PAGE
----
Descartes Labs, a software startup using artificial intelligence to process satellite imagery, has raised $5 million in Series A funding in a round led by Cultivian Sandbox, the veteran agtech venture capital fund.
Through a form of artificial intelligence called deep learning, Descartes claims to be able to make agriculture predictions that are more accurate than those made by the US Department of Agriculture.
Computers will be taught to identify specific information and find patterns across vast amounts of image data and pixels to give a better understanding of how crops are growing globally and over time. In a LinkedIn post, Descartes’ CEO Mark Johnson said the company had looked at 2.8 quadrillion pixels of satellite data to predict the corn harvest by effectively measuring the weight of the average kernel of corn to better than 3 milligrams, or 99 percent accuracy.
This is the second round of funding for Descartes Labs within one year; it raised a $3 million seed round in December 2014, which Crosslink Capital led before the company had decided to focus on agriculture. The company soon realized the need for better processing of data for agriculture and the need for a daily understanding of crop production, Johnson told AgFunderNews.
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“We didn’t really need the extra funding, but we had made so much progress by the end of the summer that lots of venture funds were getting in touch. We then found a great partner in Cultivian who encouraged us to raise more,” he said. “Cultivian is an incredible ag-focused fund with deep connections in the industry through their LPs and portfolio companies. We’re a bunch of physicists trying to solve some big problems so their experience is really important to us.”
Descartes’s technology was first developed at Los Alamos National Laboratory in New Mexico where the team spent years developing artificial intelligence technology and working on global events like hurricanes and wildfires.
“But we weren’t sure exactly where to start in turning that science into a product or business,” wrote Johnson in a LinkedIn post. “In my career in many science-based startups, one of my observations is that focus separates the good from the great. So, after spending a few months exploring potential projects we decided to focus on data-driven agriculture.”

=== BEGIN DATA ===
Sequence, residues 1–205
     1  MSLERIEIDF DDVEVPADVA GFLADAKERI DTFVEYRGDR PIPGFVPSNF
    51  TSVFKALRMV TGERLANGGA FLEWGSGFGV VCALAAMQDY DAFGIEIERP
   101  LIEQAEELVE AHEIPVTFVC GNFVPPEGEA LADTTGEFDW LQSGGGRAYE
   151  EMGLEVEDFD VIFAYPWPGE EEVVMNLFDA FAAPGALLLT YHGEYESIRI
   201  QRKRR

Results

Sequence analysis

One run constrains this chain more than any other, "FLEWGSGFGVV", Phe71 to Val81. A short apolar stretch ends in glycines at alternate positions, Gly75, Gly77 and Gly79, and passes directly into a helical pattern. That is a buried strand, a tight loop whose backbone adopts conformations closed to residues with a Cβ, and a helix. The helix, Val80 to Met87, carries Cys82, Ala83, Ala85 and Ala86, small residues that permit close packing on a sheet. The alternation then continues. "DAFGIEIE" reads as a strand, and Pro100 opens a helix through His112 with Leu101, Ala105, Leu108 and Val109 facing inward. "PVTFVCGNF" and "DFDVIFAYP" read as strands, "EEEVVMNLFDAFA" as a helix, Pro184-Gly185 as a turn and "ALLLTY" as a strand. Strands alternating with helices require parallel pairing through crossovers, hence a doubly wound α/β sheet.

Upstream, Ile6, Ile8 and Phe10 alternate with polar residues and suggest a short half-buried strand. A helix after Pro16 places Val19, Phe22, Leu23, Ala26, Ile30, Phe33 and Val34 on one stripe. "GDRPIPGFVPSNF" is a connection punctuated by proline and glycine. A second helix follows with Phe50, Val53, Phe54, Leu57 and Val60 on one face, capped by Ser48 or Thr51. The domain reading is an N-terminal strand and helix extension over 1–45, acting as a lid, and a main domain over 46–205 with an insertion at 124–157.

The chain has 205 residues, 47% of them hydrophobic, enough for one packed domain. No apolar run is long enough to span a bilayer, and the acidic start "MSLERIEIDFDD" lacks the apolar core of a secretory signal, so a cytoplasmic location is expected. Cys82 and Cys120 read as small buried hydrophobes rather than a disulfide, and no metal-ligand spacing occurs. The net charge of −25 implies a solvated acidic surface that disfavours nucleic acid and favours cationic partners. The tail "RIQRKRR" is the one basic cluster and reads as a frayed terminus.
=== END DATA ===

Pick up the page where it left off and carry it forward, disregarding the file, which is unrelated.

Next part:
Andy Ziolkowski, partner at Cultivian, will join the board of Descartes and hopes to find synergies with some of the firm’s existing portfolio companies, which range from farm management data platforms such as Conservis, to soil moisture detection technologies such as AquaSpy.
“We’ve been looking at this whole area for a long time now. We’ve looked at quite a number of satellite, drones, and sensor companies, and we conclude that the key will be the data that they’re generating,” said Andy Ziolkowski, managing director at Cultivian. “The challenge is processing it and we see that as a real bottleneck. What we hope Descartes will do is provide a solution to really take that data and analyze it effectively and quickly.”
Descartes has already entered into a partnership with Data Collective’s portfolio company Planet Labs, which will involve access to the satellite imagery company’s early data, according to Johnson.
“Planet Labs is very complementary to what we’re doing. With their daily pictures of the globe, there’s a just a boatload of data coming down the pipe which will need specialty shops to do that analysis and derive real value from that data. No-one wants pixels; what they want is the data derived from that,” he said.
And what about drones?
“We have a wait and see approach to drones,” said Johnson. “The underlying technology of Descartes Labs has been applied to drone imagery, but we are currently looking at a more global scale. Drones are point solutions for fields; where to put fertilizer down etc. But we do see them as something we will look at some point in the future.”
Descartes’ customers will range hugely from commodities traders and analysts to insurance and reinsurance companies doing risk modelling and loss forecasting, to big agricultural companies and everything from trading to logistics.
“Even governments could be customers,” said Johnson. “One of the astonishing things we’ve learned is there are a few countries which really understand how much food they are growing, and really the US is by far the best. Everywhere else the numbers are not very good. I think there’s a real opportunity to give better visibility to countries about what is actually growing there.”
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Image credit: Chrishonduras
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